Little Guy Trailer's own MeerKat could be a nice alternative to a teardrop trailer. The 900 lb. camper has a popup canvas roof, dinette that converts into a bed, cabinets and a basic kitchen. The kitchen is meant to be more for camping than RVing and features a one-burner propane stove and a sink with a pump that works with any container you want to use.

Learn more about Little Guy Trailers on their website or in my article for Tiny House Magazine. Watch my video to see a quick tour of the company.

Wednesday, December 27, 2017

Rustic Trail Teardrop Campers

Jonathan Sechrist of Rustic Trail Teardrop Campers in North Carolina has been building teardrop campers since 2010. What started out as a fun project for a Craigslist sale quickly turned into a full-time family-run business.


Rustic Trail has several teardrop models—including a standy model with a tiny inside kitchen. The original 900 lb. Papa Bear teardrop comes in a base and standard model, the Grizzly Bear is larger with also with a base and standard model, and the Polar Bear is a 1,365 lb. lightweight standy. They are each built on a heavy duty metal frame with 14 inch aluminum wheels. The base models of each camper are completely finished outside but don’t include cabinets, beds or dinettes inside. The standard models do include solid birch cabinets, elevated beds and folding mattresses and lots of storage. The teardrops range from $4,700 to $7,875 and come in a variety of exterior and interior colors.



Rustic Trail also has affordable add-on features including an outside sink ($75), spare tire ($150), Thetford portable toilet ($175) and a front AC unit ($400).

Jonathan was kind to take some time out of his day to answer a few questions about Rustic Trail Teardrop Campers.



What are some unique aspects of your teardrop designs?

We do not offer a rear galley. Instead we offer a walk in camper (Polar Bear) with a bench and settee that transforms into a queen size bed. We also include cabinets and lots of storage.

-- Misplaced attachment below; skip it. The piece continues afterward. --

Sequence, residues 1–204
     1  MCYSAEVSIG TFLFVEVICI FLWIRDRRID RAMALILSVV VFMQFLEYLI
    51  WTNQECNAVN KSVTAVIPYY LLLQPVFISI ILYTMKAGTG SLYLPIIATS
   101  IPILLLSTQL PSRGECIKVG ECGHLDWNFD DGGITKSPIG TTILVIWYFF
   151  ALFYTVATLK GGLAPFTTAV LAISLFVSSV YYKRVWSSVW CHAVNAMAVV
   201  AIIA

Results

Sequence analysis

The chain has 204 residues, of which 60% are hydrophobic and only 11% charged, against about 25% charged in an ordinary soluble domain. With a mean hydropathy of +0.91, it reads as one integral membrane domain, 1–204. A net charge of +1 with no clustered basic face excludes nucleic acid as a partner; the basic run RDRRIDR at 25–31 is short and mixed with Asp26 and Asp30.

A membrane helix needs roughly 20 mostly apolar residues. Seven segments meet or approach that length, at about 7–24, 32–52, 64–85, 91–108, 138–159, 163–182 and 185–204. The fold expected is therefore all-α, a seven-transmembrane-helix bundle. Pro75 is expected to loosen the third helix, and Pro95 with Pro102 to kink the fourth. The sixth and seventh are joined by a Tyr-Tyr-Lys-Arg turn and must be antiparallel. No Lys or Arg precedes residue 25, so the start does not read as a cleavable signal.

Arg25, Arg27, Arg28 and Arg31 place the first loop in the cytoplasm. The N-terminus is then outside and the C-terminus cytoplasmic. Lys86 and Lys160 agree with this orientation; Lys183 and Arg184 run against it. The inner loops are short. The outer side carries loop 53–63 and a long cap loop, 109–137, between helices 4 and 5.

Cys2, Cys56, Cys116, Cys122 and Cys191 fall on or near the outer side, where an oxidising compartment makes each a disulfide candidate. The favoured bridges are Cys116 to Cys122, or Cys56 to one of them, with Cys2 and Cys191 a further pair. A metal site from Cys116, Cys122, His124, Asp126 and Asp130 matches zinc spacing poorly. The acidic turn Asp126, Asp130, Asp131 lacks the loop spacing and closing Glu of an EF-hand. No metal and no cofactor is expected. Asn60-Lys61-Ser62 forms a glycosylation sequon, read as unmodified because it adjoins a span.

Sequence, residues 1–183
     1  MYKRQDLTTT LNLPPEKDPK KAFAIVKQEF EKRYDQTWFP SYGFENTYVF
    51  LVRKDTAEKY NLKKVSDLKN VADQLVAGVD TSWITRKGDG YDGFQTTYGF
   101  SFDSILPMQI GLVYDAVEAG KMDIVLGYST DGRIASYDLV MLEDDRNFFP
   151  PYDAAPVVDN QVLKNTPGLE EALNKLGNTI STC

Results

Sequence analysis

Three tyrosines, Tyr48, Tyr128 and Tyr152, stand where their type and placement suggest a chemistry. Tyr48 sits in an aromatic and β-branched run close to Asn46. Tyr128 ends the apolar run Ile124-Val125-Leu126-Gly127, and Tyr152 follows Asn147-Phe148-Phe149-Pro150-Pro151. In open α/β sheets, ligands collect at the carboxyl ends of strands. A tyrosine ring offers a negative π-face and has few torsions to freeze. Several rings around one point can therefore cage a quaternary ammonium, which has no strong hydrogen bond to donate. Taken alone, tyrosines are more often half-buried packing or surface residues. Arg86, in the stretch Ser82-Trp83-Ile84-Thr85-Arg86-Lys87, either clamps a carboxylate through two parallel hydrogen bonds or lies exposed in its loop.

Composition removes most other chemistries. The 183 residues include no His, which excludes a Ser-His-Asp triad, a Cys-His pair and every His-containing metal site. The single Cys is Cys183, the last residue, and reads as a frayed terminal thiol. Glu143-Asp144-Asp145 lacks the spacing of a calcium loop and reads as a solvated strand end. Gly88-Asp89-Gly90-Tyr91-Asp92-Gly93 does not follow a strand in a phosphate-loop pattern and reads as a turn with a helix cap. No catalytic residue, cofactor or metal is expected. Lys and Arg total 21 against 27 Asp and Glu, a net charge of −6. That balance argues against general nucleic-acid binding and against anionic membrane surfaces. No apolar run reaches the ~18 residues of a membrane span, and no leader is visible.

What do your customers look for in a teardrop trailer? What basic features or add on features are requested the most?

Affordability, quality and accessibility. Our most asked for added feature is the AC and the front rack.




How did you come up with the Polar Bear design? What’s the reaction to the standy design?

The Polar Bear was a design for those that want to stand up. We have several customers that are well over six feet tall and several with back issues that find this camper exactly what they need. We have taken comments and ideas from our customers and introduced them to our line. Most people are surprised at the room the Polar Bear gives and it being so lightweight as well.



Do you camp in a teardrop? If so, where do you like to go?

We do camp. We have tried all three campers and love them all. Our favorite place to camp is the Outer Banks of North Carolina near Buxton. Being so busy we have not had the opportunity to camp very much. Our entire family works at RTTC. They have learned so much that we feel confident in letting them handle the shop. Our hopes for 2018 is to take the camper out and advertise a little more.



Someone is coming to Pilot Mountain, North Carolina to go camping. Where should they go?

Anyone wanting to camp in our area has several state parks and private owned campgrounds to choose from. About 20 miles north you have the Blue Ridge Parkway which is our favorite. The parkway offers many state parks.


Learn more about Rustic Trail Teardrop Campers from the Facebook owners group.

Photos by Rustic Trail Teardrop Campers



Monday, November 6, 2017

Will a thermal cooker work with a teardrop trailer?

A few weeks ago I became very interested in thermal cookers as an efficient, non-electric way to cook food while camping. Video bloggers, Phil and Vanessa live full time out of their Honda Element and use their Saratoga Jacks thermal cooker to make meals on the road without having to plug anything into a socket.



The way a thermal cooker works is by using thermal mass to slowly cook food that has already been brought to a boil. A thermal cooker is essential two pots: one is a thick bottom pot that holds the food and is placed on the fuel source such as a camp stove. The food is brought to a boil and then placed into the second pot, essentially a large Thermos. The food continues to cook for a few hours, providing a hot meal without having to cook something on the spot.